Harapan and the Fate of the Sumatrans
I fell in love with rhinos thanks to Emi, the sweet and gentle Sumatran Rhino who lived at the Cincinnati Zoo. Recently I had the amazing opportunity to meet Harapan, her son and one of the few remaining of his kind.
Harapan is 7 years old, the youngest of the three offspring birthed by Emi. Big brother Andalas is now at the Sumatran Rhino Sanctuary (SRS) in Indonesia, and his sister Suci passed away in March of this year.
Harapan preparing for this morning routine: health check complete with a distraction of fresh fruit.
Harapan is an avid traveler, having lived for a brief time in zoos in Florida and California. In July of 2013 he returned to Cincinnati in hopes of breeding him with his sister Suci. With Sumatrans teetering on the brink of extinction, it was a desperate attempt to help further the species. The move proved to be too late, as Suci passed away only 7 months later of Hemochromatosis (iron storage disease).
Paul Reinhart is the team leader in the Ungulate Department in the zoo. He has worked with rhinos for over 30 years, witnessing the comings and goings of Emi and her offspring. Paul recalls when Harapan returned to the zoo in 2013. Harapan seemed to know he was home, walking out in the yard, and rolling contentedly in the mud.
Paul Reinhart Indeed, he seemed very relaxed and downright spoiled at times, ears pivoting back and forth as he listened to his familiar friend talking. If he wasn't in on the conversation, Hary would toss his enormous head toward the bars of the enclosure, banging and impatiently squealing until he had our attention.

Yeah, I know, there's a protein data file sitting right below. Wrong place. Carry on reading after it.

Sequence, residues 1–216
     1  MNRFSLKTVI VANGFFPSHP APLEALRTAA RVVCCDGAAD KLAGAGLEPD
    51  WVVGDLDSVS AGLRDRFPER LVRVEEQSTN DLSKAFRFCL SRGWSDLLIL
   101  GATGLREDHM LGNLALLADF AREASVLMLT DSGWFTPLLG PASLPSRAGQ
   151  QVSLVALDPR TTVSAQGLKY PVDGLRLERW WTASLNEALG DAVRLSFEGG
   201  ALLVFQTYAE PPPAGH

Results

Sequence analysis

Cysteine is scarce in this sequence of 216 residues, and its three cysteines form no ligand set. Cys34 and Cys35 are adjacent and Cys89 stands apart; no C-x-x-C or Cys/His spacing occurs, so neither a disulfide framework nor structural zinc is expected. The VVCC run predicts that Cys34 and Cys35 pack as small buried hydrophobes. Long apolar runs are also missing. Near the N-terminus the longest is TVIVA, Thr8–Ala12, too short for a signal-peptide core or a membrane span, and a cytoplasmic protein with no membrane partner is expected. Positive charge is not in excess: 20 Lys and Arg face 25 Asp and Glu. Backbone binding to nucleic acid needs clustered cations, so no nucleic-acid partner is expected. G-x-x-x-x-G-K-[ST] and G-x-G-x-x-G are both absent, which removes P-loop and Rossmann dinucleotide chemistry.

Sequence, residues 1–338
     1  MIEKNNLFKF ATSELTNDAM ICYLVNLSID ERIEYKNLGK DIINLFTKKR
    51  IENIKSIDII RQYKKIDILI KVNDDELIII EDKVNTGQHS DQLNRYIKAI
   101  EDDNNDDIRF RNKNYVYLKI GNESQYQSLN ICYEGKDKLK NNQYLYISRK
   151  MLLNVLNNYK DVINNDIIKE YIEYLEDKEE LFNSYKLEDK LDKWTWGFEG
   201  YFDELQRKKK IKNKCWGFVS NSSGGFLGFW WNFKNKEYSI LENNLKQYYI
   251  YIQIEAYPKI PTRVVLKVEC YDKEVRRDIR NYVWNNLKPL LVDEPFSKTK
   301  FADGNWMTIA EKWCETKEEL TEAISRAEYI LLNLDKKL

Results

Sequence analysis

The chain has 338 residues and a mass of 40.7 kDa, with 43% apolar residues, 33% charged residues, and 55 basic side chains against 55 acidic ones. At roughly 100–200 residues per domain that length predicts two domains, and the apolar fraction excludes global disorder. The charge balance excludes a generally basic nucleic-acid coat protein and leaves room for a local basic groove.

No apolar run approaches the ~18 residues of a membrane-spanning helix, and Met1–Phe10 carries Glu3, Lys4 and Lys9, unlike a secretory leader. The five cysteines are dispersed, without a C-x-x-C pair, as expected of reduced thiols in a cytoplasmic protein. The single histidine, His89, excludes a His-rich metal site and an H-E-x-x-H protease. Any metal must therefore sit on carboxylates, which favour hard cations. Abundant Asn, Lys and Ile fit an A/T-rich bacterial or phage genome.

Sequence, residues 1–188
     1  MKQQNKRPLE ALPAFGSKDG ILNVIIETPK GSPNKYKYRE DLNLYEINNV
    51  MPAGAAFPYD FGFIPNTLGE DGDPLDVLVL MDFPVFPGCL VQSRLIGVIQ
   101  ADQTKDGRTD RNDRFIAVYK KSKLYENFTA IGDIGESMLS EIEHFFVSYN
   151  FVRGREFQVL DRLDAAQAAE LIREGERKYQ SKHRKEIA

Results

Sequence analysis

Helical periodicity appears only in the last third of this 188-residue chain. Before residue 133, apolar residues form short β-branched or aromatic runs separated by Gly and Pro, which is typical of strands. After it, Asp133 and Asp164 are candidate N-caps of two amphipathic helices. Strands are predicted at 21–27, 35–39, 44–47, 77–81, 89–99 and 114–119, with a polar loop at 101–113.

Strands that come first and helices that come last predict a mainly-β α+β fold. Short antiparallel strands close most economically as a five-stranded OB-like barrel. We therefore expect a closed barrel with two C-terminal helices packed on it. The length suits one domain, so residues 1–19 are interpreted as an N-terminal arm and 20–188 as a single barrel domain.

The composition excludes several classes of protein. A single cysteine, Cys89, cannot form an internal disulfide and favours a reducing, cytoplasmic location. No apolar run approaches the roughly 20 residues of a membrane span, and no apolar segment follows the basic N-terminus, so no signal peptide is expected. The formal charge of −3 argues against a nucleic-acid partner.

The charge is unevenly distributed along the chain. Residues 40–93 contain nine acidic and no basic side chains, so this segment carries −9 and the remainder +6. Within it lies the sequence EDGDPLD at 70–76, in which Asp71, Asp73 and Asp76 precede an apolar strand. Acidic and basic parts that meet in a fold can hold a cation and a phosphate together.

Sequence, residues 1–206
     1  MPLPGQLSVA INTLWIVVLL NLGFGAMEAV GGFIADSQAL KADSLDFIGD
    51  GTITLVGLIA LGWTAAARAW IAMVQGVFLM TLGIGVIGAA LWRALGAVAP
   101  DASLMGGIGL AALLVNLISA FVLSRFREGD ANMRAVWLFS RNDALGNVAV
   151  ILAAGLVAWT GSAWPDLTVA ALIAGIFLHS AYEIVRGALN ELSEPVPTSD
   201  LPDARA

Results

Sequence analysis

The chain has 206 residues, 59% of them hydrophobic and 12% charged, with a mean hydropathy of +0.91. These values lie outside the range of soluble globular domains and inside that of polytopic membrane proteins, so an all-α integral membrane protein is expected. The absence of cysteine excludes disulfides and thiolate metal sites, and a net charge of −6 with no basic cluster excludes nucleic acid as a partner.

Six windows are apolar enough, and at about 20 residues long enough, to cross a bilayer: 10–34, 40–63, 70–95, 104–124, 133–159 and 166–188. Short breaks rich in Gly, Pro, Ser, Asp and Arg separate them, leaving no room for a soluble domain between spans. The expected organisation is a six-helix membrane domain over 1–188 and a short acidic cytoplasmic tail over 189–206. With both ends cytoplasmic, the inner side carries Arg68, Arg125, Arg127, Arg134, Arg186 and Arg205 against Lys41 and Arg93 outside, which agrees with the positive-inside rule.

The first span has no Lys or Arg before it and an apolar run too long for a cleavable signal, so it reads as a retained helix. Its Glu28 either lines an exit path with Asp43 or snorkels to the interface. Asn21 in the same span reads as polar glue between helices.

Hary obviously loves people, and seems to thrive on the compliments, pats and rubs the staff heap upon him.
Each morning Harapan has blood taken to monitor his health. Since his sister and mom both passed away from Hemachromatosis, monitoring is crucial.
Mudbaths and produce are high on Harapans list of day-to-day highlights. But what is in his future?
The obvious answer seems to be to send him to Sumatra, the same SRS where his brother Andalas now lives. With the species so perilously close to disappearing, it seems the only option.
Dr. Terri Roth, zoo veterinarian, VP of conservation and science and CREW director, stated "The only chance for Harapan to reproduce seems to be at the SRS so that is the driving reason for suggesting he go there. However, Indonesia needs to let me know that they want him first and the LA Zoo actually partially owns him so they also have to be in favor of the idea."
Dr. Terri Roth CREW is a research facility in the zoo, dedicated to saving endangered plants and animals from extinction. They utilize research, propagation, in situ protection, education and public engagement to save targeted plants and animals. At the heart of the program lies the Cryobiobank, known scientifically as a genome resource bank. Here there are hundreds of plant and animal species stored. These frozen specimen include Sumatran samples.
Does this change the future? Will we see some sort of "Jurassic Park" scenario of bringing back species from extinction?
Dr Roth says " I think if we lose the species it will be gone forever. If a small viable population continues to thrive, we may someday be able to infuse new genes into the population using the samples we have stored at CREW."
But ultimately as Roth states "The fate of the Sumatran Rhino lies in Indonesia's hands now."